Ujukarin is a Dutch Order Member regularly visiting and teaching Triratna groups in both India and Sri Lanka. Here he writes with some reflections on his recent India visit, saying - “Here’s a small set of reflections based on a 10-day ‘Dharmaduta tour’ I made recently through southern Maharastra ending in Karnataka (Dharmaduta is a traditional term meaning ‘messenger of the Dharma’) I do these regularly as a ‘small fish’ in the ‘big Indian pond’ of Sangha activities, partly to maintain the cooperation between the Indian and Sri Lankan sanghas and of course my own friendship with Prajnajit, an Indian Order Member who often accompanies me.
The tour itself, purely in facts, was nothing special, with audiences on average 75-100 people (except for our talk at the full-day celebration of Ambedkar’s Conversion Day in the huge Siddhart Buddha Vihar in Gulbarga, Karnataka; where the audience was at least 1,000 persons!) What was interesting was the theme: with our audiences we explored the topic of ‘how to prevent the Indian sangha falling into too much ethnic Buddhism’; drawing on our observation of the degeneration and frequent emptiness of temples in places like Japan, Korea and Sri Lanka. Here’s some reflections arising from the trip, including also some comparisons to our last Dharmaduta tour made in 2011:
· The sangha, our audience, keeps on developing on par with the whole Indian economy and society. The number of students with mobile Internet, immediately making a Facebook connection, was surprising! · However the deep shortcomings of Indian religious divisions and the caste system still remain. For instance we visited friends in Umarga, including their Hindu relatives who live one level down in the same house. Those relatives only let us in because I’m a Westerner, normally my Indian friends are kept outside that house because still they are considered (Buddhist) Untouchables! · In the light of these shortcomings, it was even more surprising to see small Hindu shrines reappearing in the houses of some of our new Buddhist followers. Their motivation seemed to be ‘the more deities I worship, even next to Buddha, the more chance for wealth’! We wondered, ‘is that really how Dr. Ambedkar would have wanted it…?’ · But there were other dangers too, appearing from Buddhism’s apparent successful revival in India - for instance we heard the new Delhi Formula 1 race circuit was christened ‘Buddh International Circuit’ by the local province PM at that time, an Ambedkarite. Actually I can understand that fits into the developing of the Dalits on par with the whole Indian society - what surprised me was the fact that most of our Indian students saw associating the Dharma with such an eco-unfriendly activity as F1 racing in a positive light, well…! It took me quite some time to explain that Western Buddhists see this differently, even as a risk for degeneration into ethnic-Buddhism-with-empty-temples…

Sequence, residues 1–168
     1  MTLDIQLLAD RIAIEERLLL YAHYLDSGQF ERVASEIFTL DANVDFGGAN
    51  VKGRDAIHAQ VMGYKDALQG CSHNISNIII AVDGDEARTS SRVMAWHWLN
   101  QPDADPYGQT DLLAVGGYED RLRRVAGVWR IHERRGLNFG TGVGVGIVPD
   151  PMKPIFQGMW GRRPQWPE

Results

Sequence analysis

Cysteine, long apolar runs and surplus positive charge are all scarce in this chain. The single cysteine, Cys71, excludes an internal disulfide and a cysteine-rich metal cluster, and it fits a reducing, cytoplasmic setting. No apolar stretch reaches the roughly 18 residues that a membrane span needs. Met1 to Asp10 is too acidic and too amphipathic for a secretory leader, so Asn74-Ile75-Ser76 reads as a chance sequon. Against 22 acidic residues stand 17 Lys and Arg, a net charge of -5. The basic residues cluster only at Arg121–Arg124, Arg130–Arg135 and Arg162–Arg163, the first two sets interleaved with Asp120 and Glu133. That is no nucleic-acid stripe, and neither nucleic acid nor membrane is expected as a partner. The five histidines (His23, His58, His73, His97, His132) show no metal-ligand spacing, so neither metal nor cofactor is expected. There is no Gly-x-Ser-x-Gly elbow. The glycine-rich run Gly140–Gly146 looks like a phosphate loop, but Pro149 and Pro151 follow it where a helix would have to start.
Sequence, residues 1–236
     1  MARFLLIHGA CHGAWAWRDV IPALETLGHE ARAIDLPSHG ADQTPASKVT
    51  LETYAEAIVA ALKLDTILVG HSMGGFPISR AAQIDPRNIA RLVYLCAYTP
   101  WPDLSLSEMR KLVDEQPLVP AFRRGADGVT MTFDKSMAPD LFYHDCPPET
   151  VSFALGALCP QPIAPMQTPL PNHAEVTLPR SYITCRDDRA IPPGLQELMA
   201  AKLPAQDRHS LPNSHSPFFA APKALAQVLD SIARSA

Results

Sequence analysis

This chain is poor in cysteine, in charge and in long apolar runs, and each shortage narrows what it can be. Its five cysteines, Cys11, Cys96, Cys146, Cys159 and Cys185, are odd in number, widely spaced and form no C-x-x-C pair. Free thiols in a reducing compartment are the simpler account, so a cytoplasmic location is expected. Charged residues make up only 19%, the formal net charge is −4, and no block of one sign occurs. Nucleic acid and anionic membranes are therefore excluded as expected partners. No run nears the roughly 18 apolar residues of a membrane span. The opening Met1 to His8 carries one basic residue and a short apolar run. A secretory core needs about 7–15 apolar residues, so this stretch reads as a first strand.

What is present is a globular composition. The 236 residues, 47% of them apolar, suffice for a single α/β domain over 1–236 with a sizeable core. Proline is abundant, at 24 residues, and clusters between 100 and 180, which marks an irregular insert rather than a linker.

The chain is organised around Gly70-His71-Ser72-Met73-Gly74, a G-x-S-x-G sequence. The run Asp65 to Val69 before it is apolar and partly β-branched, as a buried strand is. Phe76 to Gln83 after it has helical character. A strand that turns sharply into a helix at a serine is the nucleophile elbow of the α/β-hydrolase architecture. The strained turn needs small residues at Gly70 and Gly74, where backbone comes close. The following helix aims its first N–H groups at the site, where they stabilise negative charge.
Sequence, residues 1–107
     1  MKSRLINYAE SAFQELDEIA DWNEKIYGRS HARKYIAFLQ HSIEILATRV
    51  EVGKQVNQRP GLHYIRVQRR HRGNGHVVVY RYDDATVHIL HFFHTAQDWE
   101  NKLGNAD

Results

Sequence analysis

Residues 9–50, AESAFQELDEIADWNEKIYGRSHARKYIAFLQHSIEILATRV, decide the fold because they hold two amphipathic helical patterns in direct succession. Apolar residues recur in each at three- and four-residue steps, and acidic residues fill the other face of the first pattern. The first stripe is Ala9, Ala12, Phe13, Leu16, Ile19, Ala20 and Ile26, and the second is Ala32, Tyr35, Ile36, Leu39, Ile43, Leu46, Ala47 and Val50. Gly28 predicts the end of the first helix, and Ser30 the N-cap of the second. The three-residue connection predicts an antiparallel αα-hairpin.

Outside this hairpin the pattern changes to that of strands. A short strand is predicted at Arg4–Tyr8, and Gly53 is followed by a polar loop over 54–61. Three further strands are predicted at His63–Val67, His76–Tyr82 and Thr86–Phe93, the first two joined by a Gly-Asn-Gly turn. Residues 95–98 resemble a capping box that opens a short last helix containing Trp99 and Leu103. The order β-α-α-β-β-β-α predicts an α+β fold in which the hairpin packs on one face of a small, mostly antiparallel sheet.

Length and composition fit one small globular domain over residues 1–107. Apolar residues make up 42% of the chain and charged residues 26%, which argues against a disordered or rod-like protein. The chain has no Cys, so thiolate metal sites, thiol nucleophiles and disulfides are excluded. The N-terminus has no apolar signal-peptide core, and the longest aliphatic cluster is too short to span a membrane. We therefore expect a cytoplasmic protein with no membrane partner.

But this does not deter us from an overall quite positive impression – the Dharma is back for good in its country of birth and can be a light for the world there too!